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XINHUA NEWS SERVICE REPORTS FROM THE AFRICAN CONTINENT

 

Kenya plan legal reforms to tackle environmental degradation 

NAIROBI (Xinhua) -- Kenya is planning a series of legal reforms in order to tackle environmental degradation, officials said on Tuesday.

Nicholas Muraguri, Principal Secretary in Ministry of Lands and Physical Planning, told a land forum in Nairobi that some of the laws to be revised include the Agriculture Food and Fisheries Act, Climate Change Act and the Forestry Act.

“The aim of the reforms is to ensure Kenya achieves sustainable management of land resources in line with the National Development Blueprint Vision 2030 as well as the United Nations Sustainable Development Goals,” Muraguri said during the launch of the Technical Implementation committee on the National Land Use Policy.

The committee is expected to begin implementation of the national land use policy in the first quarter of 2019.

Muraguri said that the national land use policy sets out the long term goals on land use management by incorporating all activities that are likely to have an impact on the use of land and its resources.

“The policy is also important in addressing issues of optimal utilization of land and land related resources by providing principles and guidelines,” he added.

Muraguri said that Kenya faces challenges of environmental degradation including pollution of water, air and the land resources.

He added that the proposed legal and policy reforms will help curb cultivation on slopes, encroachment into wetlands, overgrazing as well as use of inappropriate agricultural technologies.

Muraguri said that lack of proper planning has resulted in the reduction in the sizes of land holdings especially in the high productive farming zones leading to low agricultural productivity.

He observed that other effects of poor land use planning include soil erosion, overstocking and climate change which had resulted in the reduction of pastures and water supply in the rangelands.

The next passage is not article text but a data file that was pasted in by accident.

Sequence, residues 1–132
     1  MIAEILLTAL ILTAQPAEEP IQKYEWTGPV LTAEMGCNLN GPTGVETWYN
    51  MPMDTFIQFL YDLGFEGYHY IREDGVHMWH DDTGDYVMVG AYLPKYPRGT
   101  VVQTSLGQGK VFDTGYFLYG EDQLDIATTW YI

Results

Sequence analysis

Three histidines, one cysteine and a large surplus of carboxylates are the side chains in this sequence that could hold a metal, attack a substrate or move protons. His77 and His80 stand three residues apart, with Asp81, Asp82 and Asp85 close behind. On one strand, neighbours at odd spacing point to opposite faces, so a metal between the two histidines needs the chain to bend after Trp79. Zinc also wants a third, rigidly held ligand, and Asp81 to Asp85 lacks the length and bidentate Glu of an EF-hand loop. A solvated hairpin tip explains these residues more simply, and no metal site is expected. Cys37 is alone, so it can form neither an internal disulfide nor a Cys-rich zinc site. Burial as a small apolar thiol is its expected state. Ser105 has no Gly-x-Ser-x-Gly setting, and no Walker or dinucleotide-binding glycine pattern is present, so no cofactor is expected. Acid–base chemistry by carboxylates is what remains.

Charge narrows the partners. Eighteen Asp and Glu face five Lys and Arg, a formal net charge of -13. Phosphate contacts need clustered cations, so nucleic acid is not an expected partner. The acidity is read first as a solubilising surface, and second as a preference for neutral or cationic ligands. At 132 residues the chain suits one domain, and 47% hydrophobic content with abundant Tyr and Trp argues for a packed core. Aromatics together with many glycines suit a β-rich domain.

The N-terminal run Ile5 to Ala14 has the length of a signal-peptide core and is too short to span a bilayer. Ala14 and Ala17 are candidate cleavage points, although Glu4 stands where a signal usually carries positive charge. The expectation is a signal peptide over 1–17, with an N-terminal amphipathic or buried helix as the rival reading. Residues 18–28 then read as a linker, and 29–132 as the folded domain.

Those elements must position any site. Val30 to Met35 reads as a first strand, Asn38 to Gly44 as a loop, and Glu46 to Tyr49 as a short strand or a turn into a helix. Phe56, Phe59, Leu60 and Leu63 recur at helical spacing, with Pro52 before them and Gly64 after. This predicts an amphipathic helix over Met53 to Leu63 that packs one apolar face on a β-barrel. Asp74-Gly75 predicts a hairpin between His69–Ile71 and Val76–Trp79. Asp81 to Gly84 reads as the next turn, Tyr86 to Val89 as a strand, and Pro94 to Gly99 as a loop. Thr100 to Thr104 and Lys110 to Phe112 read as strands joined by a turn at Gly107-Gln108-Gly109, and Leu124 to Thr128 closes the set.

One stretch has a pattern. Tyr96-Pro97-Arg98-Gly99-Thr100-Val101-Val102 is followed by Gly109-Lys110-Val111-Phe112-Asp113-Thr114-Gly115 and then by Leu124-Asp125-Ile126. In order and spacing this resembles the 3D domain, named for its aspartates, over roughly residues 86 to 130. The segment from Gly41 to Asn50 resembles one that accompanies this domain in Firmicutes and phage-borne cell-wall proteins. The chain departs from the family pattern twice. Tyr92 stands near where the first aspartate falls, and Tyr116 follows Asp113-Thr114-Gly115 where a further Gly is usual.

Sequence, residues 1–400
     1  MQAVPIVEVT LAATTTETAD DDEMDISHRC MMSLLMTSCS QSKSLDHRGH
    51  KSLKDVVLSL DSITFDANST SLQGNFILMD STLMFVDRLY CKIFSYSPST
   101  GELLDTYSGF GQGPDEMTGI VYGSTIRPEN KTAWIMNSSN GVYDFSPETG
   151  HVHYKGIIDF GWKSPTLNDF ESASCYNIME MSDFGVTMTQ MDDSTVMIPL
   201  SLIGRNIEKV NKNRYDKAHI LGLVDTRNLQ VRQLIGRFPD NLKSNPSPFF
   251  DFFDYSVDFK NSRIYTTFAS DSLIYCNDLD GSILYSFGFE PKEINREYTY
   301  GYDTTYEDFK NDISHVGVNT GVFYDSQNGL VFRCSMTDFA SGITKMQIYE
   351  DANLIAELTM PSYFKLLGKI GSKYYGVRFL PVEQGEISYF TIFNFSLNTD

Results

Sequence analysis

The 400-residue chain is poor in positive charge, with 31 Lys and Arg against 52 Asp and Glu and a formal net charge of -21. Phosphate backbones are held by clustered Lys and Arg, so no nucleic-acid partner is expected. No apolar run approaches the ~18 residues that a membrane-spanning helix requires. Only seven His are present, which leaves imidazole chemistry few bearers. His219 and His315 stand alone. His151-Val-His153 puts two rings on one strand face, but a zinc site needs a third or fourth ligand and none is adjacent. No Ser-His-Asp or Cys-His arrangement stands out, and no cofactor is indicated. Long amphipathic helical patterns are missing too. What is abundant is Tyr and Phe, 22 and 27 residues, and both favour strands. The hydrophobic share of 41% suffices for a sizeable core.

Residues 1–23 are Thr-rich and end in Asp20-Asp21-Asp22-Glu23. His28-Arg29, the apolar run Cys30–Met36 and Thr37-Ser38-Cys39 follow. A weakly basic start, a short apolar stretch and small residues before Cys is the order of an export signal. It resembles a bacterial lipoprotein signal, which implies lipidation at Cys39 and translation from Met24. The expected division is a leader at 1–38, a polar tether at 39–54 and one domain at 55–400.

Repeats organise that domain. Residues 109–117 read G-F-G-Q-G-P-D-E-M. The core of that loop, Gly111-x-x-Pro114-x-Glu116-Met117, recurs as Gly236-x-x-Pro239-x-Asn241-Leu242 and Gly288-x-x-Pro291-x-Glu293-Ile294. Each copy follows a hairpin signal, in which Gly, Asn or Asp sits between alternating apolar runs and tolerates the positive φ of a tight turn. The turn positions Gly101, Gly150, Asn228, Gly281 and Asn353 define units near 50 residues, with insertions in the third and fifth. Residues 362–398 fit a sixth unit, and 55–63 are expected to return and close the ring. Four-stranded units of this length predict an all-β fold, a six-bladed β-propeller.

Arthur Mbatia, a senior physical planner in Ministry of Lands and Physical Planning, said that the country is currently experiencing major problems of proliferation of urban settlements, insecurity and declining health standards as a result of rapid urbanization.

Mbatia said that in order to promote sustainable urban development and management, the government shall undertake an audit and map out the number and location of informal settlements as well as provide security of land tenure.

Mbatia said the indiscriminate extension of urban boundaries has brought within them population clusters living in areas of land which are still used predominantly for agricultural and livestock purposes.

The ministry of lands and physical planning plans to address the low vegetation cover in order to promote environmental conservation.

Timothy Mwangi, deputy director of physical planning, ministry of lands and physical planning, said that Kenya is endowed with a rich biodiversity but its natural resource and environment is threatened with various challenges including the destruction of habitat.

Mwangi noted that in order to preserve its environment, the government will enforce application of land use guidelines on biodiversity and invasive species.

             

 

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